Change-Management Complexities in the Cloud
This time, things will be different. After several false starts, the CHRO was determined to move the company’s HCM system to the cloud. Her U.S. on-premise system was nearly unsupportable and, with all the recent global acquisitions, systems integration was a nonstarter.
Today’s HCM cloud-based systems promise streamlined processes, more robust data and analytics, and a vastly improved user experience. Even so, the shift to a truly global platform wouldn’t be easy. The CHRO would need to revamp organizational structure, clearly map global processes, define consistent roles and responsibilities, look for new skills and capabilities, and lead a mindset shift toward greater personal accountability. Everyone would need to quickly become comfortable with the increased data transparency, structured workflows and access to their own records.
The problem was, while the CHRO had the budget for a technology-enabled transformation, she didn’t have the time and wasn’t sure this effort should be delegated. Her experience told her she would need a strong change-management program. But her change-management office was new, and she had been through three directors in the past year. While the company had settled on a change-management methodology, it hadn’t yet been rolled out widely. No one on the change-management team had ever been through a project of this magnitude. The challenge was clear.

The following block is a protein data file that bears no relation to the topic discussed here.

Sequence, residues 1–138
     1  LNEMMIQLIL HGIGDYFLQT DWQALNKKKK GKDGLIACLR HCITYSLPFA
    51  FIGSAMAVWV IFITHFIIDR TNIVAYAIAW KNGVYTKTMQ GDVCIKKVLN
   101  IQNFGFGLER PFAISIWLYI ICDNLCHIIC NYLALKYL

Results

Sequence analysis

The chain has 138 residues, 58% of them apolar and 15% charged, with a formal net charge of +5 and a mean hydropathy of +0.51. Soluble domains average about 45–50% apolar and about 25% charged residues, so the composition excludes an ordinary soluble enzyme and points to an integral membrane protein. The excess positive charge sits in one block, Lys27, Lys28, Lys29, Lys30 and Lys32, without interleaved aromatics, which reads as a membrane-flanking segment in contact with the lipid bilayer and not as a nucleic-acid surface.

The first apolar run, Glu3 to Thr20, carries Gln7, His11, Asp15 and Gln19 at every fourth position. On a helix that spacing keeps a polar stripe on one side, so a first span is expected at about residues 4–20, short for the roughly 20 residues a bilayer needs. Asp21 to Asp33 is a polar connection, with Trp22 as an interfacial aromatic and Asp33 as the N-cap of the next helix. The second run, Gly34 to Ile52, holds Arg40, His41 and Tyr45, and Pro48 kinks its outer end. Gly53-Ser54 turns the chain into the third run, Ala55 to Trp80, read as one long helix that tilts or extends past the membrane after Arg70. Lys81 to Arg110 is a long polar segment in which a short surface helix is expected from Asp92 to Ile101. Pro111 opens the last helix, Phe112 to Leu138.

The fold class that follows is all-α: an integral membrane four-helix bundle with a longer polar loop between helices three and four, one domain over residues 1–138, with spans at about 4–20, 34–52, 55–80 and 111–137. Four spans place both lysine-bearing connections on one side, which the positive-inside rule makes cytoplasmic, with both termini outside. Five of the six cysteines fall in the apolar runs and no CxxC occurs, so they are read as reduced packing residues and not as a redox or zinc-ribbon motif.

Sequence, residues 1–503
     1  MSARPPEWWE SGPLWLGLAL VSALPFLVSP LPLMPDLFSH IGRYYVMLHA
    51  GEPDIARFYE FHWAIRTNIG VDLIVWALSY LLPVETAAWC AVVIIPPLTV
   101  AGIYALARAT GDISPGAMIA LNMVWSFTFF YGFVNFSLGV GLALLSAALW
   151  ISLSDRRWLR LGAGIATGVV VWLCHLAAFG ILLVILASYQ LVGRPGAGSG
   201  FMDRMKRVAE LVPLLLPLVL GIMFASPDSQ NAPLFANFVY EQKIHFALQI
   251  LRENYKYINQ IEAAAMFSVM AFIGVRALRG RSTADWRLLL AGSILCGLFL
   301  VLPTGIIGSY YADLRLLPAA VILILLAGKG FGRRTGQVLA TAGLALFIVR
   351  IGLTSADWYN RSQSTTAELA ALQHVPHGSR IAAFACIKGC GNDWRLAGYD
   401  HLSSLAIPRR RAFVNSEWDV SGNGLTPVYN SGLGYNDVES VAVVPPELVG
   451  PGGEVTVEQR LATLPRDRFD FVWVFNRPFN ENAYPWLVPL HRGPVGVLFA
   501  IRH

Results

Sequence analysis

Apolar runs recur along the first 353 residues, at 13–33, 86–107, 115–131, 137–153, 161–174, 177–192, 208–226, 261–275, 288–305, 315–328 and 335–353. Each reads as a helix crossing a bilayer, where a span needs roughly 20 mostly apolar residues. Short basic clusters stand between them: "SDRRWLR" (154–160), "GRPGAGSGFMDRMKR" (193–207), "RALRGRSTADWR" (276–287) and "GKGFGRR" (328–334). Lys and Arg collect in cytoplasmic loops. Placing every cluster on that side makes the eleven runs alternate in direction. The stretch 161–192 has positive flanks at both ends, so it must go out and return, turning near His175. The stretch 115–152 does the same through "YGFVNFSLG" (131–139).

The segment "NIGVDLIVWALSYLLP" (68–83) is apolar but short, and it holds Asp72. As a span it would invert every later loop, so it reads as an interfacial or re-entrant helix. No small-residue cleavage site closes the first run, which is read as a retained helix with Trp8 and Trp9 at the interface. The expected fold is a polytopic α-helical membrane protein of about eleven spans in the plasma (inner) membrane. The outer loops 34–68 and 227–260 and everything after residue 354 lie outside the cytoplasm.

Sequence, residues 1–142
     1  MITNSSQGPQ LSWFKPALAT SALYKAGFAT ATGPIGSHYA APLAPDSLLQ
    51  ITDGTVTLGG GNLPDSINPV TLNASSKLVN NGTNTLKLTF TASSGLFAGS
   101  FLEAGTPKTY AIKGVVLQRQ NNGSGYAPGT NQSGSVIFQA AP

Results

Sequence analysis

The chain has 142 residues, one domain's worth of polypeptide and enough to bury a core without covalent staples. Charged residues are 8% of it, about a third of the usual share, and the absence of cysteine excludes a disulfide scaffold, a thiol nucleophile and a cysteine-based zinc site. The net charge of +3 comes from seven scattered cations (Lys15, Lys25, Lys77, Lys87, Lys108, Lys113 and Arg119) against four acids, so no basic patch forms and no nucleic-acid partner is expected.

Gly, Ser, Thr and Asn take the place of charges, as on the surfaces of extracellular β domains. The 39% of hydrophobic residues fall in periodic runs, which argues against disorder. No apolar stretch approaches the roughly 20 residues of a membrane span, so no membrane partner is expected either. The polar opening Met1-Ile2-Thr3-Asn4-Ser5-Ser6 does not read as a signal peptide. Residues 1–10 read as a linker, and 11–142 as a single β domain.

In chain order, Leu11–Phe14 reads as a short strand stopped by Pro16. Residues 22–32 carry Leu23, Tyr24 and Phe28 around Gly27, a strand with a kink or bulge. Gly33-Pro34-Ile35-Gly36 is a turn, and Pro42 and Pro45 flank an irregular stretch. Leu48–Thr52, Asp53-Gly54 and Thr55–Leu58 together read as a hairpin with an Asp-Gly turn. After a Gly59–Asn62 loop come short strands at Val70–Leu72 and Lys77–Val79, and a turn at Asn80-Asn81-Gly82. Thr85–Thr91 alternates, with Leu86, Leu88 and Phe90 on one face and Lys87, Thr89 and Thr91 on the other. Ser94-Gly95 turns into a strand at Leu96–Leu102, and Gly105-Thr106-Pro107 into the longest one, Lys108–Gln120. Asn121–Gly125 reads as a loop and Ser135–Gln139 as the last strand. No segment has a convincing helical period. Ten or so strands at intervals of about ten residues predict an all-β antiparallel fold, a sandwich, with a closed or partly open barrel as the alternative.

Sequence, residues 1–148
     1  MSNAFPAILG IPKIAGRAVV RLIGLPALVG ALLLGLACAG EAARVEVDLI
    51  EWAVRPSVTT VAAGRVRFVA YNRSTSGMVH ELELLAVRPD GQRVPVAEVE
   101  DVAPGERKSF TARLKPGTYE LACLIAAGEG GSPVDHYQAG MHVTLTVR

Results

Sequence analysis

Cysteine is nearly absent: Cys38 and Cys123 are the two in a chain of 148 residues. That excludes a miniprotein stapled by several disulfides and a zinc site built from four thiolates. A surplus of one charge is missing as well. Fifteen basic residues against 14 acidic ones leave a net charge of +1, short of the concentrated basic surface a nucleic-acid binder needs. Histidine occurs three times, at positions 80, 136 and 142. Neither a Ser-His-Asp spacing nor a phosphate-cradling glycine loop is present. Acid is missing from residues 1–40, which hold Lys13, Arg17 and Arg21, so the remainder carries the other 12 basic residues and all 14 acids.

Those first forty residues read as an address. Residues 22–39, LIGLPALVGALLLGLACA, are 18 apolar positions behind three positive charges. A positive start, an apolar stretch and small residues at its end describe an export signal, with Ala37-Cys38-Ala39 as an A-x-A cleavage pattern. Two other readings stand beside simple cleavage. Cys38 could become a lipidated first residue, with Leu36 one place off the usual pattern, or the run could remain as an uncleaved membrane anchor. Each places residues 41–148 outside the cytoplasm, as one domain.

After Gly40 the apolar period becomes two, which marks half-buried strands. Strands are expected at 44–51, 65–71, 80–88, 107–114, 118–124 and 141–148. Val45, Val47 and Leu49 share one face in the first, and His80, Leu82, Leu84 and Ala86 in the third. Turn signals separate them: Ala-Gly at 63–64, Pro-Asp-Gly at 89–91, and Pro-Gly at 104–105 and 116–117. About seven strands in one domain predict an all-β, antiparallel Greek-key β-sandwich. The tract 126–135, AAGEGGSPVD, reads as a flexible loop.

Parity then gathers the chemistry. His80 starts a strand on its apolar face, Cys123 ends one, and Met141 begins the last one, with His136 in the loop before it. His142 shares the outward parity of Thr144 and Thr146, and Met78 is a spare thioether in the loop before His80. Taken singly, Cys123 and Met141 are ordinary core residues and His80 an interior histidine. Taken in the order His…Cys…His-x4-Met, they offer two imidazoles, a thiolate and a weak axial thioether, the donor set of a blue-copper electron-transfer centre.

While the details vary from project to project, I have yet to see an organization that doesn’t face enormous obstacles when moving to an HCM-cloud system. The paradox? HCM-cloud projects deliver easy-to-use systems, but they are highly complex and difficult to implement.
HCM-cloud systems drive changes to HR service-delivery models, organizational structures, end-to-end processes, data and reporting, and governance and controls, to name a few. But please don’t be fooled by the impressive vendor demonstrations and exciting mobile applications, and don’t believe the trials you faced implementing your last HCM system have disappeared. With older systems, when you ran into a major people or process challenge, you could ask IT to configure and customize the technology. That’s no longer the case. Now you must take a hard look at your processes and ask your people to change.